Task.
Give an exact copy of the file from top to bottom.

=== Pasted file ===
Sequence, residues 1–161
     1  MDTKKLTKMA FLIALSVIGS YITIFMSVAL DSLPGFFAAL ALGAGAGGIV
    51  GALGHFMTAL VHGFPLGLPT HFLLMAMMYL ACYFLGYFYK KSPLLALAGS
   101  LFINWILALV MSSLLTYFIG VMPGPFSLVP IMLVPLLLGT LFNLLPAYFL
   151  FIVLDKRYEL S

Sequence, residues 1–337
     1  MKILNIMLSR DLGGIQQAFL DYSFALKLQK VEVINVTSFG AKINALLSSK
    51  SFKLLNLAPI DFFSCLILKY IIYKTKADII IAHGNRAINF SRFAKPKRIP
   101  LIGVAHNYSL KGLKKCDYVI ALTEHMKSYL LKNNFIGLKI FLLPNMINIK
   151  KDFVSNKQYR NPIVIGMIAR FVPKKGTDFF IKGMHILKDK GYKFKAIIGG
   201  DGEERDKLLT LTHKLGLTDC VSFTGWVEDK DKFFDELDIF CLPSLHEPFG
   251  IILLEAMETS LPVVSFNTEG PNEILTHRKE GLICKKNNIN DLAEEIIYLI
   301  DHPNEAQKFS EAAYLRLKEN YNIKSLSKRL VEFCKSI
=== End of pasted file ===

Sequence, residues 1–161
     1  MDTKKLTKMA FLIALSVIGS YITIFMSVAL DSLPGFFAAL ALGAGAGGIV
    51  GALGHFMTAL VHGFPLGLPT HFLLMAMMYL ACYFLGYFYK KSPLLALAGS
   101  LFINWILALV MSSLLTYFIG VMPGPFSLVP IMLVPLLLGT LFNLLPAYFL
   151  FIVLDKRYEL S

Sequence, residues 1–337
     1  MKILNIMLSR DLGGIQQAFL DYSFALKLQK VEVINVTSFG AKINALLSSK
    51  SFKLLNLAPI DFFSCLILKY IIYKTKADII IAHGNRAINF SRFAKPKRIP
   101  LIGVAHNYSL KGLKKCDYVI ALTEHMKSYL LKNNFIGLKI FLLPNMINIK
   151  KDFVSNKQYR NPIVIGMIAR FVPKKGTDFF IKGMHILKDK GYKFKAIIGG
   201  DGEERDKLLT LTHKLGLTDC VSFTGWVEDK DKFFDELDIF CLPSLHEPFG
   251  IILLEAMETS LPVVSFNTEG PNEILTHRKE GLICKKNNIN DLAEEIIYLI
   301  DHPNEAQKFS EAAYLRLKEN YNIKSLSKRL VEFCKSI